The thing that Coverdale is overwhelmingly concerned with in these early chapters is Zenobia’s past. He wonders if she was married, and then wonders if she is not a virgin: “the freedom of her deportment…was not exactly maidenlike…Her constrained and inevitable manifestation, I said often to myself, was that of a woman to whom wedlock had thrown wide the gates of mystery” (47). Zenobia notices his interest in her, speculating that “I cannot reckon you as an admirer” (47). Sex is an important underlying tension throughout the novel, with Coverdale often inadvertently revealing his own fixations as well as giving us clues to those of other characters. Related to this is Zenobia’s flower, one of the most potent symbols in the text. It is absolutely identified with her sexuality, and the language Coverdale uses to describe it is rife with eroticism: “It was an exotic, of rare beauty, and as fresh as if the hot-house gardener had just clipped it…I can see and smell it, at this moment” (15).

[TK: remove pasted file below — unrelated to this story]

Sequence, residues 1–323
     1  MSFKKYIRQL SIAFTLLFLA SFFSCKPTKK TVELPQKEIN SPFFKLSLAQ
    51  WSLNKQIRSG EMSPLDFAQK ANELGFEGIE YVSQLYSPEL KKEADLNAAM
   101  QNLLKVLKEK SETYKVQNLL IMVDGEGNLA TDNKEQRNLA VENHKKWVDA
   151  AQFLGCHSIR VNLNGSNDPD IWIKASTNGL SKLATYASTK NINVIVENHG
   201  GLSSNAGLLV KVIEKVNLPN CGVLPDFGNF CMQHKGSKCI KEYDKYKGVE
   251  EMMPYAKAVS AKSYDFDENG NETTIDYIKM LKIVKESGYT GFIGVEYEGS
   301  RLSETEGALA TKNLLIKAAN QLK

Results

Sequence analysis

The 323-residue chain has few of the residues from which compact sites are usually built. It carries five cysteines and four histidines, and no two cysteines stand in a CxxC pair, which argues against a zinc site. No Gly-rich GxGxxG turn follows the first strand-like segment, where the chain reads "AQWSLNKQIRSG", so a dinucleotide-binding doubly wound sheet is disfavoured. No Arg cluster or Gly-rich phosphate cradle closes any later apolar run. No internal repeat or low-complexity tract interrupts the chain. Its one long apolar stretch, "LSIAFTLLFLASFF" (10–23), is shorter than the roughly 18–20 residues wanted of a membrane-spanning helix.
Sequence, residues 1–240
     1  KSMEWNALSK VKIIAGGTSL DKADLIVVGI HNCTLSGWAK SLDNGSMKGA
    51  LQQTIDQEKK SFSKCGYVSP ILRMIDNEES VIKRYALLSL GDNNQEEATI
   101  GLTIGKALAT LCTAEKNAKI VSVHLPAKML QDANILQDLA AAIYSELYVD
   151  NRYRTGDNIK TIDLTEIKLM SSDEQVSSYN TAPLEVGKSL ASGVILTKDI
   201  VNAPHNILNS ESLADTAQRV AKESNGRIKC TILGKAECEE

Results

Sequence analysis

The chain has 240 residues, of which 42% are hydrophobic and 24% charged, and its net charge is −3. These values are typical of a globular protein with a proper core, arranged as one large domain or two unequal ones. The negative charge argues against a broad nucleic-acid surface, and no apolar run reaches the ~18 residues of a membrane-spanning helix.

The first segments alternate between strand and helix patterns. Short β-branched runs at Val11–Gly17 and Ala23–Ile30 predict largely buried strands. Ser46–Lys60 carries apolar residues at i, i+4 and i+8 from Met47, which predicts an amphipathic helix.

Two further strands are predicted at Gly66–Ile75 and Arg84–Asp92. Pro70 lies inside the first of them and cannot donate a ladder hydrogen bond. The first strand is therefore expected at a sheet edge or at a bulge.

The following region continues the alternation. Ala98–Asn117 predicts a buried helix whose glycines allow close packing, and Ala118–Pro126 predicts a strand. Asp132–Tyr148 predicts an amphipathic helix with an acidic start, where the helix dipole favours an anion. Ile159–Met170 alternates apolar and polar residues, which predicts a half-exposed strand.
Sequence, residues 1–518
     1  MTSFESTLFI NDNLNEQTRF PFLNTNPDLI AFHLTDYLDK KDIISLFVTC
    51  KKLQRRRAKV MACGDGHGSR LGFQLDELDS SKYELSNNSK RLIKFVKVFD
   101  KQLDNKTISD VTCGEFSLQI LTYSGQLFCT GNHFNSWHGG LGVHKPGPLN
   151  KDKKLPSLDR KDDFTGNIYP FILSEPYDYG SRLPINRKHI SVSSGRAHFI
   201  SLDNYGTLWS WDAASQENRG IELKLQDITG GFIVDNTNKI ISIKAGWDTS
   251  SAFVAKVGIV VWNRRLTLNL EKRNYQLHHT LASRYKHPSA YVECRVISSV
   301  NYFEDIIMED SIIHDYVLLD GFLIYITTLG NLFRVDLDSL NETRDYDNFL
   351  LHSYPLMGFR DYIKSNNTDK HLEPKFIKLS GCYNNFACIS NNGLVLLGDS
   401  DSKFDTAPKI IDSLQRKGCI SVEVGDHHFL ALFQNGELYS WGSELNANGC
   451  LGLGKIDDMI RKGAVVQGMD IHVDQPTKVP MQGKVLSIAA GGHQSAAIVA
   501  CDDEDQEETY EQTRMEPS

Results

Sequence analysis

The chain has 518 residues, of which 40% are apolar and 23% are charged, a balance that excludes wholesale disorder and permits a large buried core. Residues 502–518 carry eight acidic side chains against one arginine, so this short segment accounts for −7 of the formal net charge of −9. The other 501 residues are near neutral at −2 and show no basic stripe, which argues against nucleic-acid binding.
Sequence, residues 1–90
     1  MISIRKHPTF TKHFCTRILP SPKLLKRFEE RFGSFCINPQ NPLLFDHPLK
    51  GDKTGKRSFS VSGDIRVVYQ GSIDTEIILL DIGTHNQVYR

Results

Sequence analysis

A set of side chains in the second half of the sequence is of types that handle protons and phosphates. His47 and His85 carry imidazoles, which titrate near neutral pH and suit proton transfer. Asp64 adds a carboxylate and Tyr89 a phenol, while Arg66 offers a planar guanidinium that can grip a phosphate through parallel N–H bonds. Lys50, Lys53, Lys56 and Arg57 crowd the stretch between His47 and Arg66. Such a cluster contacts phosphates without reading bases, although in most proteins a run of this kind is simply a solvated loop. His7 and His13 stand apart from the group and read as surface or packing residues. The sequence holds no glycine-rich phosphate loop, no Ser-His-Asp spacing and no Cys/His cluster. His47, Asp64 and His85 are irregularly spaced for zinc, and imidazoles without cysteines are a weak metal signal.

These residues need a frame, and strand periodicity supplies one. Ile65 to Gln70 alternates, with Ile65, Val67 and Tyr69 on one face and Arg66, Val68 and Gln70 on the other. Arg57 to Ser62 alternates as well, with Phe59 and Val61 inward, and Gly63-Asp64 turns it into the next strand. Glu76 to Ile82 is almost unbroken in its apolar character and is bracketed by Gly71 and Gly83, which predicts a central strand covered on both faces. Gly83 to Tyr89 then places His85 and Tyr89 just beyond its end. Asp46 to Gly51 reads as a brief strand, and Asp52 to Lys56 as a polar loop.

Brook Farm began to decline rapidly after its restructuring. In October 1844, Orestes Brownson visited the site and sensed that "the atmosphere of the place is horrible".  To save money, "retrenchments", or sacrifices, were called for, particularly at the dinner table.  Meat, coffee, tea, and butter were no longer offered, though it was agreed that a separate table with meat be allowed in December 1844.  That Thanksgiving, a neighbor had donated a turkey.  Many Brook Farmers applied for exceptions to these rules and soon it was agreed that "members of the Association who sit at the meat table shall be charged extra for their board".  Life on Brook Farm was further worsened by an outbreak of smallpox in November 1845; though no one died, 26 Brook Farmers were infected.  Ripley attempted to quell the financial difficulties by negotiating with creditors and stockholders, who agreed to cancel $7,000 of debts.